Wednesday, February 17, 2010

Wednesday, February 17, 2010
Waxing Moon
Mars Retrograde
Cloudy and cold

What a difference a day makes! I feel much better, back on track, and like I’ve gained some perspective again.

It snowed on and off all day yesterday. Not a lot of accumulation, and I didn’t have to go out in it.

I tried to do some work in the morning, and had NOTHING in the creative tank. So I gave up, went offline, and had fun.

Part of the fun was starting Elizabeth Kostova’s THE SWAN THIEVES. I really like it. This is not a book one dips into with a few spare minutes — you have to sink into it like a featherbed for several hours at a time. Her writing is beautiful and she takes her time. Genre books are now being stripped in both word count and content so it’s plot/action, dialogue, sex. Kostova’s work is genuinely “literary fiction” — she fills all the senses with her textured worlds without the self-indulgent navel-gazing that’s become associated with so much literary fiction. Even when her characters are contemplative and self-reflective, it’s not self-indulgent.

I also decided to change the location of the Hillary Ice story from San Antonio to Bath, ME. Yeah, that’s quite a switch, and it changes a lot of the texture in the story. I haven’t been to San Antonio for fifteen years or more; loved it then, but unless I make it a period piece, I can’t write about that San Antonio — and this is definitely a contemporary piece. I can’t fly out to do on-site research. I could sit with the maps and the guidebooks and track down natives through blogs and bookstores and schools to ask questions. But that still won’t give me the texture and the emotional geography. I can’t get that without being there, because, no matter how well-researched, no other person will have the exact same sensory responses that I do, and anything I write will feel like a copy of a copy, instead of the direct experience.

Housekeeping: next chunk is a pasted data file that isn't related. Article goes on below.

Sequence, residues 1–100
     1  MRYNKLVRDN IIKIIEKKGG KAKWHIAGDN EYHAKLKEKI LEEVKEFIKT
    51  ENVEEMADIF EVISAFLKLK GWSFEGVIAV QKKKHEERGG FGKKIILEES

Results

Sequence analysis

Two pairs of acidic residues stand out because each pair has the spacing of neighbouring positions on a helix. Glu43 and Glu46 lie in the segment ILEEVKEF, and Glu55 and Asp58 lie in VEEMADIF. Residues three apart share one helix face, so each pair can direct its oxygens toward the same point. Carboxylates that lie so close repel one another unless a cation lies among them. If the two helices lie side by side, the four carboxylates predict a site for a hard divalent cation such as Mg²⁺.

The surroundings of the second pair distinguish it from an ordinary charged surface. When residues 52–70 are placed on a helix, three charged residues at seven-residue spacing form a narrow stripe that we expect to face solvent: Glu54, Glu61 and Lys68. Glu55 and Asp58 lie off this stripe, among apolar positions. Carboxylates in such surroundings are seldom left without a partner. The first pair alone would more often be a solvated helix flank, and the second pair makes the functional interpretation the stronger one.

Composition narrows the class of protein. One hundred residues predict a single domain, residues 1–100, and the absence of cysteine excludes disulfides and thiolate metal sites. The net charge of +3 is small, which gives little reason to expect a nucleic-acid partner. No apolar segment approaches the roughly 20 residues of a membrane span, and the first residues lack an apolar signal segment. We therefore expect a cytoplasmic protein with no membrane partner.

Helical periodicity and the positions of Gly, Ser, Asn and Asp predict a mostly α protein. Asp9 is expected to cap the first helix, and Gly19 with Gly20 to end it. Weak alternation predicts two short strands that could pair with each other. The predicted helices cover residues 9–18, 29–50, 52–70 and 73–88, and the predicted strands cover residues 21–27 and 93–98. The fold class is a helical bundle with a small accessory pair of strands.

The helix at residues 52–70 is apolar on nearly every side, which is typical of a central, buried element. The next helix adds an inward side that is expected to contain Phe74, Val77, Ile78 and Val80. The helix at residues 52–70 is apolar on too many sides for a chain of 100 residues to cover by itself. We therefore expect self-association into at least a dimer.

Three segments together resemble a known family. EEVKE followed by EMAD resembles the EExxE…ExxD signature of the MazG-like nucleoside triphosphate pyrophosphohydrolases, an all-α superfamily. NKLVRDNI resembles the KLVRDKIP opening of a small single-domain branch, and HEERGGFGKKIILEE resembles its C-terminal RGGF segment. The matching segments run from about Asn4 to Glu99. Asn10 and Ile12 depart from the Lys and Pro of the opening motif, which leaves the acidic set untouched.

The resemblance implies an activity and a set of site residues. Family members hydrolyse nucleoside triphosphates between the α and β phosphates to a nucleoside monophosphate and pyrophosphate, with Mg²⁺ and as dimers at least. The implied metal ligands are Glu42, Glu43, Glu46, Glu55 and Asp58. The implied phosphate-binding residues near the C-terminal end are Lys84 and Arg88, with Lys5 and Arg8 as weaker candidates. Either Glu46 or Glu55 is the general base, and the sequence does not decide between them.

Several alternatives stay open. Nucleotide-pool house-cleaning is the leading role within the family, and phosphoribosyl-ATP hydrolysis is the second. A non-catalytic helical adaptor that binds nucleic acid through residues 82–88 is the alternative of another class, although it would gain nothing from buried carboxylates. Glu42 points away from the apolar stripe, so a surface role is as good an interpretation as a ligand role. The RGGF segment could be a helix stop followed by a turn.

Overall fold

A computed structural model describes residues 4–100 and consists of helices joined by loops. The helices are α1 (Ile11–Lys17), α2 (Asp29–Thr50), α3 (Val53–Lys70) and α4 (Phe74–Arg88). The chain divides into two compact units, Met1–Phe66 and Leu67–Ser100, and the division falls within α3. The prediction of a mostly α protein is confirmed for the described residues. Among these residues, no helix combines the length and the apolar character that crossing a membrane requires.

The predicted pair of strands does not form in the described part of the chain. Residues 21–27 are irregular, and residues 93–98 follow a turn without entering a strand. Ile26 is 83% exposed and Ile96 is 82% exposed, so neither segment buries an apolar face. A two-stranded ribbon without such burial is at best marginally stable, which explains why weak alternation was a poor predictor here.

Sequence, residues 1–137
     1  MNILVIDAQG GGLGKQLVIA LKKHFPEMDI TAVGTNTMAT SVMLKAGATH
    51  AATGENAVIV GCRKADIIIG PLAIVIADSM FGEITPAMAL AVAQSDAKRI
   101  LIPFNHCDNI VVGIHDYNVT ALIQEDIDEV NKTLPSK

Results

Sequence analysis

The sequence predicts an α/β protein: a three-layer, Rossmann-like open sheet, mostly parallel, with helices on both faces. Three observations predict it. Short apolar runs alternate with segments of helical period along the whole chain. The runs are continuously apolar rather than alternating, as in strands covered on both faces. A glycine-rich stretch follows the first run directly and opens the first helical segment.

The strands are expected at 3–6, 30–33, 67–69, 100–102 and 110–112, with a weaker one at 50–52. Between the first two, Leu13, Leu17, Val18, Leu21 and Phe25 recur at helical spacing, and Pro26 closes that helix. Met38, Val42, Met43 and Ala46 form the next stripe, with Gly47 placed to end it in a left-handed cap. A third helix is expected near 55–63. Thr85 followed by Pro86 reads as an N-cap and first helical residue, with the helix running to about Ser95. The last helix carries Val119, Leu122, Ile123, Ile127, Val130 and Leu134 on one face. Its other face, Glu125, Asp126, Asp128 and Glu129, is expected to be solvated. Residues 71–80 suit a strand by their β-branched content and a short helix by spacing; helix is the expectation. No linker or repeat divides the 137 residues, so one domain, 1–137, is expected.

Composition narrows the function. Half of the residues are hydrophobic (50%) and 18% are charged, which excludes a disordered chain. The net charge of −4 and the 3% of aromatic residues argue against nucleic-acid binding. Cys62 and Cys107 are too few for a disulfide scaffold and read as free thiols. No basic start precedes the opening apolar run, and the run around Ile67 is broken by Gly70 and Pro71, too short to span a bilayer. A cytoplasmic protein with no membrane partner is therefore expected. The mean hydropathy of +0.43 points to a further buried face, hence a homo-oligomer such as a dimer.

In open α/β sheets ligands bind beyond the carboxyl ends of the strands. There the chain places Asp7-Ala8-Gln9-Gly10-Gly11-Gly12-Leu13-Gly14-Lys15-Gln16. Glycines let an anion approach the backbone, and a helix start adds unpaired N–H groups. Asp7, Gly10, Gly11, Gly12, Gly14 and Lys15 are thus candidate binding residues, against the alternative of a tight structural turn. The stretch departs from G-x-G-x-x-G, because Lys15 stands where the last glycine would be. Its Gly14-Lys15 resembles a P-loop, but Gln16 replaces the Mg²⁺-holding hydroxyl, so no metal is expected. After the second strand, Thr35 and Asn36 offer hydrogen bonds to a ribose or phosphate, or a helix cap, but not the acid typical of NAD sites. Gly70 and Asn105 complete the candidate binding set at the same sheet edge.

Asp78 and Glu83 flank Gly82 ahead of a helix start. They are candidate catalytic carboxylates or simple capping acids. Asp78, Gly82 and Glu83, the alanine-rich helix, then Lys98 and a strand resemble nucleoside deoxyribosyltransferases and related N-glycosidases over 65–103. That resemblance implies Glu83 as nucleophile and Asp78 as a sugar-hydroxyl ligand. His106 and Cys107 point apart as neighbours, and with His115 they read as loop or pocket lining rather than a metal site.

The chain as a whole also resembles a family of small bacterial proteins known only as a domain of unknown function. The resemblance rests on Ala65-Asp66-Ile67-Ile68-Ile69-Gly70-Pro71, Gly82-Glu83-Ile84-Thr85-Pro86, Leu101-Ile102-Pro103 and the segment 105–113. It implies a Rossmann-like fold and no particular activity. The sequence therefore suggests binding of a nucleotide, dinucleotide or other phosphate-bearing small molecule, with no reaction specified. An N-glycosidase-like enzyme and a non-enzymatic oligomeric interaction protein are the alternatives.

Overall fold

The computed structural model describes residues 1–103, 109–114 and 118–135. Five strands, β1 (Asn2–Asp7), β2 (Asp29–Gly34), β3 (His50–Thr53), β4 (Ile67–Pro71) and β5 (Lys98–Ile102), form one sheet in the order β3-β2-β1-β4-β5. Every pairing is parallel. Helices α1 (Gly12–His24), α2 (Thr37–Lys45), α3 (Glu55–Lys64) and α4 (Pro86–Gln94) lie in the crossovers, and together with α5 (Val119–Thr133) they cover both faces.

I need to know more than just the correct streets and neighborhoods — I need the feel of the place.

Why Bath, ME? Other than I don’t think a whole lot of fiction is set there. Well, for one thing, Hillary’s main partner in this story, Jasper, is an artist who works in both iron and silver. Until I started exploring the story, I didn’t realize it, nor did I realize how vital his art and craft are to the plot. I did some research on forges in the San Antonio area — they’re not set in the area I need them, and I’m pretty sure the zoning in the area wouldn’t allow him to have a studio with a forge in it in the residential areas. I have family near Portland, and one of them has worked as a welder in the boat-building industry up in Bath for his entire career. I haven’t spent a lot of time up there, but the historic town, the contrasting neighborhoods, and the smell of hot, wet iron mixed with sea salt will add the right kind of texture to the piece. Also, if you continue up past Bath towards Booth Bay Harbor, there are artists who work not only in clay (the wonderful Edgecomb Pottery), but I remember signs for and by artists who work in iron. They DO have studios on their properties. Add to that the fact that I’m spending a good chunk of April in Maine, both for research purposes and to deal with a family matter — and I can hop up to Bath easily to walk the geography and add even more textural details.